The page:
A found­ing father of prog folk re­vis­its the scene of his mag­num opus.

Prog - - The Musical Box - PAUL SEX­TON

His­tory will record Ash­ley Hutch­ings’ great­est achieve­ment as his co-found­ing role with prog folk’s ti­tanic tri­umvi­rate of Fair­port Con­ven­tion, Steel­eye Span and The Al­bion Band. But he be­lieves his finest recorded mo­ment may be one that was also per­haps his most per­sonal.


1987’s By Glouces­ter Docks I Sat Down And Wept, which

Talk­ing Ele­phant reis­sued to ac­claim in 2013, de­scribed an un­fin­ished love story as it de­vel­oped, with love let­ters, po­etic mus­ings and back­drops from rock’n’roll to bal­ladeer­ing.

Hutch­ings’ bucket-list new project is, in some ways, what hap­pened next, con­ceived af­ter he re-es­tab­lished con­tact with the amour of the orig­i­nal. That frame­work, which forms the first CD here, would be am­bi­tious enough for many, but Par­adise And Thorns be­comes wide-an­gle in scale by adding a sec­ond disc, Other Tales Of Love, which com­prises the broader mus­ings of Hutch­ings and oth­ers on the phys­iog­nomy of love, and the gamut of emo­tions it en­gen­ders, from joy to grief.

The new visit to Glouces­ter is what you might call a reimag­ined di­rec­tor’s cut, but that of an older and wiser di­rec­tor with more de­tail to share. He uses sev­eral record­ings from his past to that end, in­clud­ing 1980s per­for­mances by his All­stars and one from 2005 by the Rain­bow Chasers. Hutch­ings also uses the power of his speak­ing voice to good ef­fect on in­lays of a John Donne poem, a snip­pet of Louis MacNe­ice and even an ex­cerpt from Pushkin’s Eu­gene One­gin.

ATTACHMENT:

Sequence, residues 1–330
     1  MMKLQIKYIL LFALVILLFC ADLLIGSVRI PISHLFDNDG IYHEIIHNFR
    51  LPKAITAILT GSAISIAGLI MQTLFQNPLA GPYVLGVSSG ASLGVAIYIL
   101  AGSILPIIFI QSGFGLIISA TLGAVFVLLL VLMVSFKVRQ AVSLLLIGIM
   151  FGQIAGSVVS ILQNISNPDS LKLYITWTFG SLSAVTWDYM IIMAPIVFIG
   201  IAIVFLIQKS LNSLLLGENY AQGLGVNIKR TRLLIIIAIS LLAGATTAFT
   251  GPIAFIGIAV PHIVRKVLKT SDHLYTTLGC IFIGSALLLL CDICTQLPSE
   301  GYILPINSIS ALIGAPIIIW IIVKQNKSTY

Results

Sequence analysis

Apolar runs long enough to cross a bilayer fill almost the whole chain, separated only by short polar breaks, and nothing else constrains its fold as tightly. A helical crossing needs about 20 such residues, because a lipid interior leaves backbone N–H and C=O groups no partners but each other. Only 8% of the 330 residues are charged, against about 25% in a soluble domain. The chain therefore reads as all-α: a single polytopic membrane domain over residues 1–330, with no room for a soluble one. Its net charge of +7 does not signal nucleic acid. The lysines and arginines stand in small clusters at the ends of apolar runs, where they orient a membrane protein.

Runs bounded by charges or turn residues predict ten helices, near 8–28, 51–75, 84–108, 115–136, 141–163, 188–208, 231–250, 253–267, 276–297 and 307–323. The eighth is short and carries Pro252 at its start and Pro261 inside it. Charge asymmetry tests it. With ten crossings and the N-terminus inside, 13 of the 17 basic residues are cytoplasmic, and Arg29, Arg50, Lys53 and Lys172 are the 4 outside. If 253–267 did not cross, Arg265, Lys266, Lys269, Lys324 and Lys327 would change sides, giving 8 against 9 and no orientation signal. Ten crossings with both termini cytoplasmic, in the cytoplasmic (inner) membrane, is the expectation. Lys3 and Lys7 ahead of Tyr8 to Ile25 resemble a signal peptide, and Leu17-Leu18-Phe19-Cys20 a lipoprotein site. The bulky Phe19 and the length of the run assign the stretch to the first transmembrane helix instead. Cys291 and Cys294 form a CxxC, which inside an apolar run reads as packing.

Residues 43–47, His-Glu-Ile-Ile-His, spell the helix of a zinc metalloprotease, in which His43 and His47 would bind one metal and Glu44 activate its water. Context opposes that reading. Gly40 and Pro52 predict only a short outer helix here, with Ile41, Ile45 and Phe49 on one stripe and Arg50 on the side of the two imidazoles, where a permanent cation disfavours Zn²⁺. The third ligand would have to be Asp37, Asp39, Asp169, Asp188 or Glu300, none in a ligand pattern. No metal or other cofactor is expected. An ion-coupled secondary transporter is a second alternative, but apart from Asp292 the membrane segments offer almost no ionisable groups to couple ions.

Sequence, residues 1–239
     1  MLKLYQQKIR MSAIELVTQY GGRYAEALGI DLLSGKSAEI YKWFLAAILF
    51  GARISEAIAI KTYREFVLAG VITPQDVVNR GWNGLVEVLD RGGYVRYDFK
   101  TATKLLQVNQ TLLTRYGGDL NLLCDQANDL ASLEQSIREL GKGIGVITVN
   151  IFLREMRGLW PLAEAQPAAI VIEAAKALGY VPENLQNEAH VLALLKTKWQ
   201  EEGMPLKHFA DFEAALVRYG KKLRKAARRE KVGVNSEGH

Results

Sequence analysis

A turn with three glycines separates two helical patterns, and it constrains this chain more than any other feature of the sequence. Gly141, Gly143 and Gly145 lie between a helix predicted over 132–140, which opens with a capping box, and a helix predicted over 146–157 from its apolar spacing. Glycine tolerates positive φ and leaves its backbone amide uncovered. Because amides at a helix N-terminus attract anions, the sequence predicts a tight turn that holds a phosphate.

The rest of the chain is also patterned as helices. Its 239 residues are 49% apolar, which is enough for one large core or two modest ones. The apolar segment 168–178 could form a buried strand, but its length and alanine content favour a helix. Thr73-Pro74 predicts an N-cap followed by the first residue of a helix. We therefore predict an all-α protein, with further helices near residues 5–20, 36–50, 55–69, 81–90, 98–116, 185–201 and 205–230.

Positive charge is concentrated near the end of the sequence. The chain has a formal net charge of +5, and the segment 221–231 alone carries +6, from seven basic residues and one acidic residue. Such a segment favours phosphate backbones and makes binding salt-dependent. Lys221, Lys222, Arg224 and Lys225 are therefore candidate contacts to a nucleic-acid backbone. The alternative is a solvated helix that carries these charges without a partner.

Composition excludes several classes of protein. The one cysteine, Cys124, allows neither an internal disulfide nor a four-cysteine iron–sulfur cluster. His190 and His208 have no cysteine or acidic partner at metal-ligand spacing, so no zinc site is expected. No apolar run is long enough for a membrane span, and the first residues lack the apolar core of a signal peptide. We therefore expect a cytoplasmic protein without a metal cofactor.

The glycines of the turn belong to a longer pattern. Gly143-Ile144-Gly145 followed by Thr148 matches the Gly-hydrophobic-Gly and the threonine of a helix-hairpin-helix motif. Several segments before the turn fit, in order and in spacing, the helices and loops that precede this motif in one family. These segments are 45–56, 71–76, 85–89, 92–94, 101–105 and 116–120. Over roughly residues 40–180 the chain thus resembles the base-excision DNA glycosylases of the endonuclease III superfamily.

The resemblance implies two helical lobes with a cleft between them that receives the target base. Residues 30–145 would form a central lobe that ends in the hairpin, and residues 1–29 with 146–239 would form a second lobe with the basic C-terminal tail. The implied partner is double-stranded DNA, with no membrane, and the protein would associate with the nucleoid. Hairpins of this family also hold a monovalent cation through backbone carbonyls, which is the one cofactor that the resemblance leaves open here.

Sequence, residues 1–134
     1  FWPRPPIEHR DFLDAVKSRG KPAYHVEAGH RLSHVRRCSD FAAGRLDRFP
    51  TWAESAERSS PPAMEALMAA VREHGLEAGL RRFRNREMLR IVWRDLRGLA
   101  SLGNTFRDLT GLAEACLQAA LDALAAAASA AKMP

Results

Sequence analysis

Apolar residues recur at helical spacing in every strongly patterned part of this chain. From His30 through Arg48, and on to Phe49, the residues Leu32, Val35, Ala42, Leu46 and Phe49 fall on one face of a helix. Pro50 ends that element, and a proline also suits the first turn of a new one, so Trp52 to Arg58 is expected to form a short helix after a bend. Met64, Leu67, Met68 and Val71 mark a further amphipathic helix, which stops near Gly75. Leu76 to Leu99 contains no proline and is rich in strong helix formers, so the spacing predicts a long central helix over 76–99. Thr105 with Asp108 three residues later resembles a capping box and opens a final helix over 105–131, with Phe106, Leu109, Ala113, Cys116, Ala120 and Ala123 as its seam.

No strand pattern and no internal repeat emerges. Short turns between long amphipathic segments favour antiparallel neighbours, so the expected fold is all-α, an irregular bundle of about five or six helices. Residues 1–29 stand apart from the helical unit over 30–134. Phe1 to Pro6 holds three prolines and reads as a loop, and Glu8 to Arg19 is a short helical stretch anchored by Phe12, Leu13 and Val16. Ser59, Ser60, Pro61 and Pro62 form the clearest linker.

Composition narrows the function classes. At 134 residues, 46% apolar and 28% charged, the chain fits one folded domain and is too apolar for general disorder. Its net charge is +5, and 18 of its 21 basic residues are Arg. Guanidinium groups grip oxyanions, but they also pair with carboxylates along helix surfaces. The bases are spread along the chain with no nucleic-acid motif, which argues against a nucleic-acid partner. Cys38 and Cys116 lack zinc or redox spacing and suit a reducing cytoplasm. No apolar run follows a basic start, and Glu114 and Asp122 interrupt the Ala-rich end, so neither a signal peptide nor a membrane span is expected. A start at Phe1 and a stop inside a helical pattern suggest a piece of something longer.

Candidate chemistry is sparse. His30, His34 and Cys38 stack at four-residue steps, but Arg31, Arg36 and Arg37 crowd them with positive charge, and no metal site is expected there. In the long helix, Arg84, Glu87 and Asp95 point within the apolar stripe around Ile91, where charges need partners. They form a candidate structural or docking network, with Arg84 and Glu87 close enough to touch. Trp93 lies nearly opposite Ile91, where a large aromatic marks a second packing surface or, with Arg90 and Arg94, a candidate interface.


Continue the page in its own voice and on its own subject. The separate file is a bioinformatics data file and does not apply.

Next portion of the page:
It may sound like book­ish stuff, but there’s an in­clu­sive el­e­gance, and it serves as a poignant es­say on love both per­sonal and uni­ver­sal. Devil-May-Care In Our Danc­ing

Shoes and Thirty-Two Years And A Life­time, new songs co-writ­ten with Hutch­ings’ son Blair Dun­lop, add even greater cross-gen­er­a­tional depth.

Dun­lop also plays on disc two, which has the father-and­son duet Lost In The Haze amid show­cases from other re­cent col­lab­o­ra­tors, like vo­cal­ist Polly Bolton, singer-gui­tarists Kitty Mac­far­lane and Becky Mills, and ac­tor Michael Maloney. In Dun­lop’s adap­ta­tion of Polly On The Shore, bloody war rages as the nar­ra­tor wishes him­self alone with his girl. The de­vice also serves on I Was Dream­ing Of Clarissa, a quo­ta­tion from the 1968 film The Charge Of The Light Brigade.

Cin­ema’s un­lim­ited abil­ity to con­vey ro­man­tic long­ing prompts quo­ta­tions from Casablanca and Frank Borzage’s adap­ta­tion of Hem­ing­way’s A Farewell To Arms, be­fore Chekhov and Shake­speare level the scores for the writ­ten word. As a creative achieve­ment and a far-reach­ing nar­ra­tive, this is a love story with a happy end­ing.

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